P32. China and the West: Cultural Contacts and Tranformation

Session: Session 5, 10:15 – 11:45 am, Saturday 9/30

Category: Individual Papers

Location: Humanities

Chair: Xinge Zhang (University of Illinois Urbana-Champaign)

Paper Presenters: Eric Henry (Saint Mary’s University), Shuhao Liang (University of Pennsylvania), Li-Lin Tseng (Pittsburg State University)

Golden Aspirations on the Yangtze: Intercultural Encounters in English-Medium Classrooms at Republican-Era Ginling College

Speaker: Eric Henry
Role: Paper Presenter
Institution/Affiliation: Saint Mary’s University
Abstract: Buffeted by war and internal strife, the intellectual landscape of China in the Republican era was focused on cultural transformation and national survival; how would China, as a political, cultural, and imagined construct, break from its feudal past and enter the modern world intact? One forum of intense debate were the numerous educational institutions, many founded and supported financially by foreign missionary organizations. These institutions were nominally Christian and served as points of dissemination for foreign cultural ideologies and languages, particularly English. This paper focuses our attention on Ginling (金陵) college in Nanjing during the 1920s and 1930s, the first accredited women’s college in China. Based on a comparison between personal letters of missionary language teachers and writing by Chinese students (preserved in the Yale Divinity School archives), I analyze the cultural encounter between China and its Western other. Using the medium of a foreign language, students attended to foreign discourses of Chinese civilization – its strengths and weaknesses – but crafted novel critiques and solutions of their own. In turn, they laid the groundwork for a uniquely Chinese feminism. I argue that the English language classroom was therefore an important crucible for imagining China’s modern future.

Nationalism and Modern Taste: Chinese Attitudes towards Foreign Cuisines in Republican Shanghai

Speaker: Shuhao Liang
Role: Paper Presenter
Institution/Affiliation: University of Pennsylvania
Abstract: This paper explores Chinese attitudes towards foreign cuisines in Republican Shanghai from the 1920s to late 1940. It argues that the Chinese attitude towards foreign cuisines fits into the broader context of Shanghai’s unique cosmopolitan culture and colonial modernity.  The first section analyzes Chinese perceptions of Western cuisines. Despite being familiar with foreign cultures, Chinese elites perceived Western cuisines as “other,” with conscious boundaries between East and West. The restaurant became a new public space for women to socialize, and critiques of Western food’s light taste demonstrates a nationalist stance against Western material cultures.  The second section examines Chinese attitudes toward Japanese cuisine. Contrary to the Chinese nationalist narrative, which portrays local elites as traitors or collaborators during the Second Sino- Japanese War, this paper demonstrates that local elites were inclusive in their attitudes towards Japanese cuisine, complicating our understanding of the wartime society in Shanghai beyond its political tensions. Women working in Japanese restaurants became an attraction for Chinese customers in a patriarchal society.  This research draws on newspapers from the time in Chinese and secondary sources in Japanese, in addition to historical studies on Republican Shanghai. It aims to shed light on the study of nationalism, Chinese understanding of modernity, material cultures, and gender studies. Overall, this paper highlights the importance of exploring local perspectives and the complexity of cultural interactions in a diverse and dynamic contact zone, contributing to our understanding of Chinese attitudes towards foreign cuisines during a time of political and cultural transformation in Shanghai.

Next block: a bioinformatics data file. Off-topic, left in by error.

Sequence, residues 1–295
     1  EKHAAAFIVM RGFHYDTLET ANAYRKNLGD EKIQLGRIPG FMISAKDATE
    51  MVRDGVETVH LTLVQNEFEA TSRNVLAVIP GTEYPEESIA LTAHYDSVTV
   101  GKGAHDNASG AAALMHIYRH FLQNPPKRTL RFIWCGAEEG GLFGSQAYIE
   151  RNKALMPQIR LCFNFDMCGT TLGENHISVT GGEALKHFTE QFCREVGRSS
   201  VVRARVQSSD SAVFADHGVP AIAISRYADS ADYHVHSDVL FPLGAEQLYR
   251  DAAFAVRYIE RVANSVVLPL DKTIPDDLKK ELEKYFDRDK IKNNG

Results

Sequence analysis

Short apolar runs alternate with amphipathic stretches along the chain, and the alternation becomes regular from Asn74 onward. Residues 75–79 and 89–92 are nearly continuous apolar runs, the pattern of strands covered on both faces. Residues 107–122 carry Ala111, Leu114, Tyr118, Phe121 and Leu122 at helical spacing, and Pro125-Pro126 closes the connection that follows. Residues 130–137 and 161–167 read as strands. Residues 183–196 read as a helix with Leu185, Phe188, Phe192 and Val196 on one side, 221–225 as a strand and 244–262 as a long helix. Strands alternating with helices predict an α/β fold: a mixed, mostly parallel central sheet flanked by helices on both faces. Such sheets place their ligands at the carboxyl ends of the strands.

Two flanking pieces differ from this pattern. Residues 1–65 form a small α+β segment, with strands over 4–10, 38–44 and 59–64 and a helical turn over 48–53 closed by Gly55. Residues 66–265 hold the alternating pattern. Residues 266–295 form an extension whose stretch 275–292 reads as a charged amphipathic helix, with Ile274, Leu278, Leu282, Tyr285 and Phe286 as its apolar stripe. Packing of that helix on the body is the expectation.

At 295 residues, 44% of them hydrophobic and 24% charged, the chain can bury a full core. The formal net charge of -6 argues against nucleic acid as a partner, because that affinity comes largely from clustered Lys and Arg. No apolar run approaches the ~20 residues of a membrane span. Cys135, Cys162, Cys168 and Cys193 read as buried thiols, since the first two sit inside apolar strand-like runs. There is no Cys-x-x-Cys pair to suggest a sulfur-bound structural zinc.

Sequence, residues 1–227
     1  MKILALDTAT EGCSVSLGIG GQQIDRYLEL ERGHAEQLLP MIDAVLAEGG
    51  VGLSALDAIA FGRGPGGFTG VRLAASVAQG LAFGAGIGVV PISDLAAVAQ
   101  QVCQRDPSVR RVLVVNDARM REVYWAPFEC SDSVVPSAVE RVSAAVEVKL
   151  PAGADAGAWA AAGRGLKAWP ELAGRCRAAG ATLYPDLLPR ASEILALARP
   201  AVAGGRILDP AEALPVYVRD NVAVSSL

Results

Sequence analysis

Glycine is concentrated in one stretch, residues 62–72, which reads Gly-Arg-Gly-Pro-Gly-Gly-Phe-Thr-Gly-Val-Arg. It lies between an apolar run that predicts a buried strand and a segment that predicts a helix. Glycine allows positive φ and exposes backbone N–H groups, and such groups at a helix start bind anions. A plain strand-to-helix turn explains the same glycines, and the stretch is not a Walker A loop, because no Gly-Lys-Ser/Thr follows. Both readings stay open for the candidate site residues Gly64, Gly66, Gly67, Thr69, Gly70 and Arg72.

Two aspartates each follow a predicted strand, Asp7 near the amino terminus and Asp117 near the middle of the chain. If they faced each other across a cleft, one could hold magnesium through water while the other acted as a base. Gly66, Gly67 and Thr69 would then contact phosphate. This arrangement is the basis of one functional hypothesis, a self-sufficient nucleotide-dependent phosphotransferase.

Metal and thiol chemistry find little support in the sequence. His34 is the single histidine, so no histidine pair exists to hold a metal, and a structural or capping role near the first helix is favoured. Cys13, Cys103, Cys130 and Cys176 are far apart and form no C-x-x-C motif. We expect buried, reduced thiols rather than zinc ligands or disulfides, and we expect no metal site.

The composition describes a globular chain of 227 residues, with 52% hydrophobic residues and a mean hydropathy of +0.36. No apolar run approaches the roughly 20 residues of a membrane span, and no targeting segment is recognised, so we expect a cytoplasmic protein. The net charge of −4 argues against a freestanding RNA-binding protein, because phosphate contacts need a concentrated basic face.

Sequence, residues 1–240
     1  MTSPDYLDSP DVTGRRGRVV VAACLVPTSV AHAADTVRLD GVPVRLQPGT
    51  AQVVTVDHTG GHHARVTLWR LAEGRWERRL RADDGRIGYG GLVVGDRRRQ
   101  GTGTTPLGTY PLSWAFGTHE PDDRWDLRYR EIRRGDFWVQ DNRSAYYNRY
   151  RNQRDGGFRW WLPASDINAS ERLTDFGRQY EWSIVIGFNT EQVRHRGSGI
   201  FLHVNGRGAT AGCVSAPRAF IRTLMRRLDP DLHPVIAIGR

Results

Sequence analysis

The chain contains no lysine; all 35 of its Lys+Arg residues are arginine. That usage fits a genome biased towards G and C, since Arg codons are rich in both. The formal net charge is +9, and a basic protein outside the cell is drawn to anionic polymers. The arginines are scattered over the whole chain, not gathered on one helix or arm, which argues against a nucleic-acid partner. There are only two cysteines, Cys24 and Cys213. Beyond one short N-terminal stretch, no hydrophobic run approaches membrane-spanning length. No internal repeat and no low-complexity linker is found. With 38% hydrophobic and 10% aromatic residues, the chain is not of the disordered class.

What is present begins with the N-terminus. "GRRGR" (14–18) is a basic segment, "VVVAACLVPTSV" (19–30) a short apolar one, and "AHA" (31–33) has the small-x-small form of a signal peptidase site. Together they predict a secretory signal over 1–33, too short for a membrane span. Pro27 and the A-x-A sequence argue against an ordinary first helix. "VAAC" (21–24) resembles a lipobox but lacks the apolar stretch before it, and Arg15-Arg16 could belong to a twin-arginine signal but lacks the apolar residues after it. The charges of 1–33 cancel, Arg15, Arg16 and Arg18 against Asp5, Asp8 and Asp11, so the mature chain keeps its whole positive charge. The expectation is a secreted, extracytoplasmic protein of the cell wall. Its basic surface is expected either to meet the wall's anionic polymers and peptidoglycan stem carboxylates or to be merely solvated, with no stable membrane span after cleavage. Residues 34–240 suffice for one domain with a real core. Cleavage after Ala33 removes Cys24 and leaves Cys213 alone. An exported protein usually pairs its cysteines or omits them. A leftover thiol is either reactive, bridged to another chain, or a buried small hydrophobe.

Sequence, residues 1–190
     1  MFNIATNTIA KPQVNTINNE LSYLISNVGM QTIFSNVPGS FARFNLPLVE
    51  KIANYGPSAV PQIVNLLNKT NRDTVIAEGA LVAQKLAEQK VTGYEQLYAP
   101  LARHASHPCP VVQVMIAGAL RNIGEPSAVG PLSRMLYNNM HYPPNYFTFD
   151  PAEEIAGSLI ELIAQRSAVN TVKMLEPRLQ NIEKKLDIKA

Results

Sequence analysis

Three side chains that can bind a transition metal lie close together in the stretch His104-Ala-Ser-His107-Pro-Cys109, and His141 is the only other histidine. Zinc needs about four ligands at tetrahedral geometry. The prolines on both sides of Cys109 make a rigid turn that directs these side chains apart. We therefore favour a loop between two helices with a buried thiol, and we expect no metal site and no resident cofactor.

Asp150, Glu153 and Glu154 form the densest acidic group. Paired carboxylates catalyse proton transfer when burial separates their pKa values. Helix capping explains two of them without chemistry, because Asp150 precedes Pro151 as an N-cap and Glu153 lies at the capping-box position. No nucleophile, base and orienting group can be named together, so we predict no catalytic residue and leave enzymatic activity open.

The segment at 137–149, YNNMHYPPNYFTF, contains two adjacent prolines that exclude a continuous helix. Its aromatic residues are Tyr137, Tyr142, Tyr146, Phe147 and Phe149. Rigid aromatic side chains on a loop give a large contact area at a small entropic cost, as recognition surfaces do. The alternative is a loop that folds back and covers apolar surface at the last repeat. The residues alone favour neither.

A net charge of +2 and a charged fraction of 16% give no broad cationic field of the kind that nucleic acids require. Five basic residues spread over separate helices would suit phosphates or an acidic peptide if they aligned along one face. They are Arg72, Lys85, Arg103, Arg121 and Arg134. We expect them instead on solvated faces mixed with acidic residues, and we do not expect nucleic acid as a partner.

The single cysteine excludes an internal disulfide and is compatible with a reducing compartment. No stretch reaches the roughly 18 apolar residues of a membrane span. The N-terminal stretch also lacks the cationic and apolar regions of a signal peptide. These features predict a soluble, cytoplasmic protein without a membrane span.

“Beijing Opera on the Go: Mei Lan-fang (梅蘭芳) and His Journeys to the West”

Speaker: Li-Lin Tseng
Role: Paper Presenter
Institution/Affiliation: Pittsburg State University
Abstract: Beijing opera was an iconic signifier of traditional Chinese culture, renowned for its symbolic, metaphysical style of performance. This orthodox mode of theater, however, was critically challenged in the opening decades of the 20th century when cinema swept through China. To compete with the new technology, opera performers made necessary changes, trying to find ways to balance the inevitable conflicts between the traditional and the modern.   This paper examines the artistic journey of Mei Lan-fang (1894-1961), a leading opera singer famous for his portrayal of female roles and for exploring the possibilities of transforming stage drama into cinema.  Mei also went on transcontinental tour to promote Beijing opera in major cities in Japan, Europe, the Soviet Union, and the U.S. His personal charisma, together with his innovative style and artistic strategies, captivated many inventive theater and film professionals, including Bertolt Brecht, Vsevolod Mayerhold, Sergei Eisenstein, and Charlie Chaplin. On February 16, 1930, after his debut on Broadway, The New York Herald Tribune praised Mei as “The Idol of 500 Million People!” My paper argues that Mei, as an embodiment of Beijing opera, served as a vanguard in advancing the process of China’s cultural renewal and transformation. His stylized, suggestive acting and operatic techniques provided an alternate model for those experimental dramatists who wished to develop a modern theater apart from traditional realism.  Mei’s artistic expression and his encounters with western practitioners offered a unique opportunity for the world to re-imagine China and its people in a new cinematic age.